Positive Mental Attitude - PMA. Can You Think Yourself Back to Full Health?
Is positive thinking enough to get you through a cancer diagnosis and through the treatment afterwards?
How is it possible to be positive when you feel bad?
When you've had that diagnosis that tells you that you've had cancer and quite possibly you may be going to die, how can you be really positive about that? I think it's a lot more than positive mental attitude that is going to get you through this.
The sad fact is we're all going to die sooner or later. Something we don’t like to think or talk about but it’s true.
For those of us with a cancer diagnosis, that realization has been brought into sharp focus. As soon as we get that diagnosis, there are lots of questions, How long have I got? what will my life be like? How can I stay positive when I've had this terrible thing that I've gone through?
You may be feeling devastated in so many ways, emotionally, physically, financially, and for many people absolutely exhausted from the cancer treatment that you've had.
So how is it possible to stay looking on the ‘bright side?’. What is there to be positive about? The worst possible scenario for many people, it just happened.
It also raises the thought to me, what about the people who don't survive cancer? Is that because they're not positive enough? And the language around cancer can be very emotive ‘you’re so strong’ ‘you’re a fighter’ ‘you’ll get through this, you are so positive’ ‘she fought a brave battle’
People say these things, often to be kind. Often because they don’t know what else to say. And to be honest, often there are no words. When people would say these things to me, I’d try and do my best buddhist smile, but inside I was often silently screaming.
‘What about the people that don't survive? Were they not brave enough? Did they not try hard enough? I’m not brave, I’ve got no freaking choice but to try and endure this’
I think we all want to thrive when treatment ends, don't we? But what is the best thing to do? There's so many things that you can start doing when, when you end your treatment, but what is the thing that's going to help you live your best life?
Is it changing your diet? Is it taking supplements, avoiding certain foods, eliminating sugar, dairy, meat? What should you do? Should you abstain from alcohol? Should you lose weight? Exercise more? Meditate? Be more sociable? Spend more time alone? Read more? Google less?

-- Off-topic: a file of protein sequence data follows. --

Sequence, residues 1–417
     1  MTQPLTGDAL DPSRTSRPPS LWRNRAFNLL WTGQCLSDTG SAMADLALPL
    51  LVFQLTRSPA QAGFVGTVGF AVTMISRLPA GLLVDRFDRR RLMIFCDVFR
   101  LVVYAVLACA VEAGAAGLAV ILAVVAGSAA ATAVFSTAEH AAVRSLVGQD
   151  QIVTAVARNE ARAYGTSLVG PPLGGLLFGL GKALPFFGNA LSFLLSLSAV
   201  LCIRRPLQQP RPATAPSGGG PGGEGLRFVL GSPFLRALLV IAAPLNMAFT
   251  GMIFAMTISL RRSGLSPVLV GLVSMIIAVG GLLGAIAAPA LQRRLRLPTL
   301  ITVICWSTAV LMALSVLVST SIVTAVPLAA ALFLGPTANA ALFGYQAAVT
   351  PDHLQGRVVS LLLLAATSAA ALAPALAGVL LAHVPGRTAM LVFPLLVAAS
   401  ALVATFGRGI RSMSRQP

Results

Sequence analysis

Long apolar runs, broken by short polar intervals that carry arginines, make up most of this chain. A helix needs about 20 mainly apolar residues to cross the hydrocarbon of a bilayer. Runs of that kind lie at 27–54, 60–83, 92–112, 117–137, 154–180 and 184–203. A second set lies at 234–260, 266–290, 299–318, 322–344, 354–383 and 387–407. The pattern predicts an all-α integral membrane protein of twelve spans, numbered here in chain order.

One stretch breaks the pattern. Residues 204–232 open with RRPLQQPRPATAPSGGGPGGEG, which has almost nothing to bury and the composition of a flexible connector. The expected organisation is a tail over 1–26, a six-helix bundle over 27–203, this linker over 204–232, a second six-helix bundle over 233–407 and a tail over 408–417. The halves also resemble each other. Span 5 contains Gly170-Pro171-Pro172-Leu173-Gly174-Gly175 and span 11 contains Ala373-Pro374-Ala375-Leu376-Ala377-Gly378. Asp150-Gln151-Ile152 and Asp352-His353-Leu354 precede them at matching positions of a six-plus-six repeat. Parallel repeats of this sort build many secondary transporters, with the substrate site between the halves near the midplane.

Now, while some of those things may be or maybe not be appropriate for you, they're not the biggest thing that you need to do.
In my opinion, if you are a cancer survivor, you will know that cancer equals fear. So really the most important thing you can do is to let go of that fear. Working on your mindset is the most important thing you can do for your recovery I believe. You see, cancer is all about fear.
It's everywhere you look. Cancer equals fear. But you weren't meant to live in a state of fear, that is not a space where you thrive. I talked before about stress and the bad effects that that can have on your body, and it's exactly the same with fear. That constant dread that you feel is not enabling you to live your best life.
And I'm not saying it's always easy, but as a cancer survivor, you're no different to anyone else, you don't want to live in all consuming fear. That's not life is it? That's not living. In order for you to completely recover and to stay well and stay healed, stay in remission, you need to step outside of this fear. You cannot allow it to take over your mind.
I know only too well that’s sometimes easier said than done. There's a lot of fear about recurrence or anxiety or the ‘poor me’, ‘why me?’ that some cancer survivors get sucked into. But it's all about how you break free. It's all about mindset. You can control your mind. It's not always easy, but you can do it, and that bit is just as important as the physical recovery of cancer – learning to master your mindset.
You may need to do some things that you've never done before, explore some new avenues. I’m going to share some of the things that worked for me, no judgement or preaching here – just pick and choose what resonates with you.
My experience is that a negative attitude won't get you into full wellness, and I don't think it will get you into enjoying life again.
So why don't we choose to be positive and let's make this journey more pleasurable? Life isn't fair. I understand that more than anybody. You know, bad things happen to good people. It's a cliché, but a true one, ‘You can't always choose the cards that you get dealt, but you can choose how you play them’